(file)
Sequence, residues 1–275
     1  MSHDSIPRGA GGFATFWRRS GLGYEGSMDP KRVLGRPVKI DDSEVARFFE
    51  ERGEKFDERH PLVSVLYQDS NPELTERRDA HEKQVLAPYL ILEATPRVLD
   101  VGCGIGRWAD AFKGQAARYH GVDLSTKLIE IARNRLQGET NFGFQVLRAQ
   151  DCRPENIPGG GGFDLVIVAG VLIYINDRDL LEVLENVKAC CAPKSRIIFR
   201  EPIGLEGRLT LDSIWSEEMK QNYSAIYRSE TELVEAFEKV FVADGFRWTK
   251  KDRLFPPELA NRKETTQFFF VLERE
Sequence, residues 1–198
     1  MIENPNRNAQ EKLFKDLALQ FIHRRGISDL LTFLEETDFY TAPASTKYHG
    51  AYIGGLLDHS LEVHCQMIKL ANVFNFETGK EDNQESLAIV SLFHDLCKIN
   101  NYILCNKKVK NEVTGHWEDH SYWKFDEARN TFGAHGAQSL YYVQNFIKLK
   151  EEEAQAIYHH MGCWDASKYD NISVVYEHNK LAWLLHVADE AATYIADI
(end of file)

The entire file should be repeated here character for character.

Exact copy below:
Sequence, residues 1–275
     1  MSHDSIPRGA GGFATFWRRS GLGYEGSMDP KRVLGRPVKI DDSEVARFFE
    51  ERGEKFDERH PLVSVLYQDS NPELTERRDA HEKQVLAPYL ILEATPRVLD
   101  VGCGIGRWAD AFKGQAARYH GVDLSTKLIE IARNRLQGET NFGFQVLRAQ
   151  DCRPENIPGG GGFDLVIVAG VLIYINDRDL LEVLENVKAC CAPKSRIIFR
   201  EPIGLEGRLT LDSIWSEEMK QNYSAIYRSE TELVEAFEKV FVADGFRWTK
   251  KDRLFPPELA NRKETTQFFF VLERE
Sequence, residues 1–198
     1  MIENPNRNAQ EKLFKDLALQ FIHRRGISDL LTFLEETDFY TAPASTKYHG
    51  AYIGGLLDHS LEVHCQMIKL ANVFNFETGK EDNQESLAIV SLFHDLCKIN
   101  NYILCNKKVK NEVTGHWEDH SYWKFDEARN TFGAHGAQSL YYVQNFIKLK
   151  EEEAQAIYHH MGCWDASKYD NISVVYEHNK LAWLLHVADE AATYIADI